Case: In Re: K-Dur Antitrust Litigation, No. 10-2077, 10-2078, 10-2079, 10-4571 (3d Cir. July 16, 2012).
In an important decision for the pharmaceutical sector and intellectual property law generally, the Third Circuit on July 16 adopted the long-held position of the Federal Trade Commission that so-called “pay-for-delay,” or “reverse payment,” settlements between brand-name and generic pharmaceutical manufacturers are presumptively unlawful under antitrust law. The holding gives the FTC its first win on this issue in almost a decade and creates a 3 to 3 split among the U.S. Court of Appeals, virtually ensuring Supreme Court review of this controversial issue.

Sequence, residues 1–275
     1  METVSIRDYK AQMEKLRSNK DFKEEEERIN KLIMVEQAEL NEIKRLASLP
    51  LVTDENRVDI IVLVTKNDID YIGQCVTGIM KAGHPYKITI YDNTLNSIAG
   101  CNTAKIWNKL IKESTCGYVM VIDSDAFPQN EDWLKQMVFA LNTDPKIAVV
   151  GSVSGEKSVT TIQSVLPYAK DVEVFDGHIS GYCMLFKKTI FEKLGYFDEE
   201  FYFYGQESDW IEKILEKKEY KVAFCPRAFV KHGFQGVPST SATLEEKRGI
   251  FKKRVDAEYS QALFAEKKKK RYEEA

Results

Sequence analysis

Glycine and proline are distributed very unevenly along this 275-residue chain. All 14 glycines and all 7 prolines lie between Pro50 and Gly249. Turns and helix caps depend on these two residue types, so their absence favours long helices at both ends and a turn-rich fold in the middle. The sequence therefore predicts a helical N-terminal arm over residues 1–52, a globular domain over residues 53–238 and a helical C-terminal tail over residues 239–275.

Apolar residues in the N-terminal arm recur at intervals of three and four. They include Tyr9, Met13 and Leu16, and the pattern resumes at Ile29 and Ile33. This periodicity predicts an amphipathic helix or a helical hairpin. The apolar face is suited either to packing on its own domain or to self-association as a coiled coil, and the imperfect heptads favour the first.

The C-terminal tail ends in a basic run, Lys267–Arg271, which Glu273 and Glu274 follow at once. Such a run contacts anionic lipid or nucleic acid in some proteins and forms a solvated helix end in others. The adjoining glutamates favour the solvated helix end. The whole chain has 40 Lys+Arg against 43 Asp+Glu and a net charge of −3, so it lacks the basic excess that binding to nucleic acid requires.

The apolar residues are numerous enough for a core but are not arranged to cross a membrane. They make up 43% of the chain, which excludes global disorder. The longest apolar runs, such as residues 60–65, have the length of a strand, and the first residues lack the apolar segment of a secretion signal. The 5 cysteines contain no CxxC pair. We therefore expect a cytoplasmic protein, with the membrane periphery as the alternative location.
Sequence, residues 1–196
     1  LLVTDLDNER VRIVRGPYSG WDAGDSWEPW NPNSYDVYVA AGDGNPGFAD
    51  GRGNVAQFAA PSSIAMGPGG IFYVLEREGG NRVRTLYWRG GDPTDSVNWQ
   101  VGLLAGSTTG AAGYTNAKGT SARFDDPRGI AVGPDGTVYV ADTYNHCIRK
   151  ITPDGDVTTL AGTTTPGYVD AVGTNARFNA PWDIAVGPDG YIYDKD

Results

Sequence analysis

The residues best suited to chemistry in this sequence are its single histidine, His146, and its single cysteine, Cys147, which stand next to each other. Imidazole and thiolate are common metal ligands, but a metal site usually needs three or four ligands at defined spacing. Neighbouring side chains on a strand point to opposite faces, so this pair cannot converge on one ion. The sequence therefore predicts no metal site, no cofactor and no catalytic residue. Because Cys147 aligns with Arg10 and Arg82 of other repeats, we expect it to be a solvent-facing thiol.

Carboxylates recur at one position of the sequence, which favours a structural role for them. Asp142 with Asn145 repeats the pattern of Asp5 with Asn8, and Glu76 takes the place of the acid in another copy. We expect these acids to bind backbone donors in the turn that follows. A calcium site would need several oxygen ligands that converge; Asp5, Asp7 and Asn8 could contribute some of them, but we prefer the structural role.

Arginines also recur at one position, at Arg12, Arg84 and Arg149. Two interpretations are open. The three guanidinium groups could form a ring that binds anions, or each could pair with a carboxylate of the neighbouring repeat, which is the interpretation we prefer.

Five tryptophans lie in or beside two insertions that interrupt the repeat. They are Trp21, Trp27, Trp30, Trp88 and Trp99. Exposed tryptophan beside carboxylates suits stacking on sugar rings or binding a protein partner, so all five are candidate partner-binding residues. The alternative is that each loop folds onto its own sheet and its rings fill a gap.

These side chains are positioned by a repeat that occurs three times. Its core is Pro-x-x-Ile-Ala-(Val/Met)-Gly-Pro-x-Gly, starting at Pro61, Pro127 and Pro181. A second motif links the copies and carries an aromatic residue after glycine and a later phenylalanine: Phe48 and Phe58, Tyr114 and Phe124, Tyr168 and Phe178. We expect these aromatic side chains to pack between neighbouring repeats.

This case is the latest in a long line of cases to address the antitrust implications of settlements of patent infringement cases brought under the Hatch-Waxman Act. The FTC has been waging a decade-long campaign against reverse settlements, but for the last seven years, the agency has lost in court, with the Eleventh, Second, and Federal Circuits all applying a permissive “scope of the patent” test under which settlements are lawful provided the entry date falls within the life of the patent at issue.
The Third Circuit decision is the first time in almost a decade that an appellate court has sided with the FTC for which these cases have been a centerpiece of its antitrust agenda in the health care field. The decision creates a razor-sharp conflict within the circuits that the Supreme Court will now almost certainly have to resolve.
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